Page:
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Baltimore Prosecutors Examine Book Scandal Involving Mayor Pugh


What's really wrong with selling a children's book? That's the question facing Baltimore Mayor Catherine Pugh. She received hundreds of thousands of dollars through the sale of her series of children's books to an area hospital system. And now Maryland state prosecutors are investigating while the mayor takes a leave of absence. WBAL investigative reporter Jayne Miller has been covering the story in one of my favorite cities.

Ms. Miller, good morning.

JAYNE MILLER: Good morning.

INSKEEP: So how did a hospital chain come to buy so many children's books?

MILLER: Well, Ms. Pugh started to serve on the board of the University of Maryland Medical System in 2001. And there came a time, as she has described it, that she has authored children's books - they're health and nutrition books - animated books, I mean, with illustrations, et cetera - and came a time when she showed the books to one of the board members - not very specific about when that was. And they entered into this agreement - although she's been very clear to say there was no contract - by which the University of Maryland Medical System paid her $100,000 five different times since 2011 to publish 20,000 books at a time.

INSKEEP: Now, I guess we could see the rationale here, that this is - what? - for kids, for patients in the hospitals, but it's also a board member getting a huge payment without a lot of competitive bidding, it sounds like.

MILLER: And that's certainly where the first questions start, and it doesn't just surround her, although she's the most high-profile visible because she's the mayor of the city of Baltimore elected in 2016. But there have now nine board members of the University of Maryland Medical System that have been - the questions have been raised because they all have these kinds of what they call self-dealing. They all have business relationships with the University of Maryland Medical System, which is the second-largest medical system in the state of Maryland.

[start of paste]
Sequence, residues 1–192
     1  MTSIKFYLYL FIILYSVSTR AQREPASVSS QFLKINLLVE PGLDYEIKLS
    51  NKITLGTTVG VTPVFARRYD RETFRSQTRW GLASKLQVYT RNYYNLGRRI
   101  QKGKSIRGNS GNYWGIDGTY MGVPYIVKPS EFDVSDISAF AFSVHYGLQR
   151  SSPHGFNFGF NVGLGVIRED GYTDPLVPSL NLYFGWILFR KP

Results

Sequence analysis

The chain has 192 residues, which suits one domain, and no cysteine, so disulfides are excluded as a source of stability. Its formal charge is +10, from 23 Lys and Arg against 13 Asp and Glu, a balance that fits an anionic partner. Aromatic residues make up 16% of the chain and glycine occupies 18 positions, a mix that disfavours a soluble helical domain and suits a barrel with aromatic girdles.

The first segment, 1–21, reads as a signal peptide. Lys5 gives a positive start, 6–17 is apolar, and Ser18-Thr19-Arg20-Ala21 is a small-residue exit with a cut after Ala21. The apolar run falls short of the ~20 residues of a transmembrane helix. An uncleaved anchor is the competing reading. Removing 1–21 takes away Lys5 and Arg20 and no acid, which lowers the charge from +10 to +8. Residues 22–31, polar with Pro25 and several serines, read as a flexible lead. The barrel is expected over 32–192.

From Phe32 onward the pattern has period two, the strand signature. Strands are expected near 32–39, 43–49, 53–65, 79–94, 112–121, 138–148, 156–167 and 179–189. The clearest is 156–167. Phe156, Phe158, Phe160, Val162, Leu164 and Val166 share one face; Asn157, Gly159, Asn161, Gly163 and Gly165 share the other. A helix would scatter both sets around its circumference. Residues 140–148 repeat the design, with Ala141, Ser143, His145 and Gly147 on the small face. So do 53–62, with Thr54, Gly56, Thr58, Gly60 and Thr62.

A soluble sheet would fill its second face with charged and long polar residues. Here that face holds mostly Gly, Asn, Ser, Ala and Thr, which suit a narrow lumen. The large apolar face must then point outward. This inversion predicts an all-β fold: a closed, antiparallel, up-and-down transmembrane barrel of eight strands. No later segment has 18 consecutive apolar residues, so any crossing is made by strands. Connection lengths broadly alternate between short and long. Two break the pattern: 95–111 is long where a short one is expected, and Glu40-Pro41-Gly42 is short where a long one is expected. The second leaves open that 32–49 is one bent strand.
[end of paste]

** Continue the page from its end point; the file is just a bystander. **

INSKEEP: Wow. What are some of the things that they are effectively selling to themselves besides children's books?

MILLER: Well, insurance is the big one. There is an insurance firm run by a former state senator whose name is Frank Kelly from Baltimore County just outside Baltimore City in Maryland. And he has had arrangements with the University of Maryland Medical System by which he's made tens of millions of dollars. And in terms of the exact amount of money that has been made by individual board members in their own business relationships, that's a little unclear.

There have been disclosures. But I think everybody needs to keep in mind that these hospital systems around the country are not - mostly not public systems. They are generally organized as private nonprofits, so they're not subject to Public Information Act. They are subject to regulatory actions, so there are certain disclosures that get made. But in terms of the exact nature of the business deals and the exact amount involved, that's not entirely clear at this point.

INSKEEP: Jayne Miller, we have to note in passing that we talk regularly on this program about huge health care costs in this country and how one source of the high costs would happen to be hospitals. But let me just ask about Mayor Pugh. We mentioned that she took a leave of absence. She said, I believe, that's for health reasons, right? Has she directly responded to the allegations themselves?

MILLER: She held a news conference last Thursday upon being released from the hospital after being treated for a bout of pneumonia and discussed the University of Maryland Medical System transactions where she accounted for about 58- to 60,000 books over this period of time. The problem is that that's not the whole story. And what has really now emerging - the questions that surround Mayor Catherine Pugh are whether she has properly disclosed her relationships with different business entities when she is sitting on the city's spending board, for example, when she was in the state Legislature and taking action and legislative action and executive action involving the very same entities.


MILLER: That's where this story is headed now.

INSKEEP: OK. We'll keep following. Jayne Miller, thanks so much.

MILLER: Thank you.

INSKEEP: She's with WBAL in Baltimore. Transcript provided by NPR, Copyright NPR.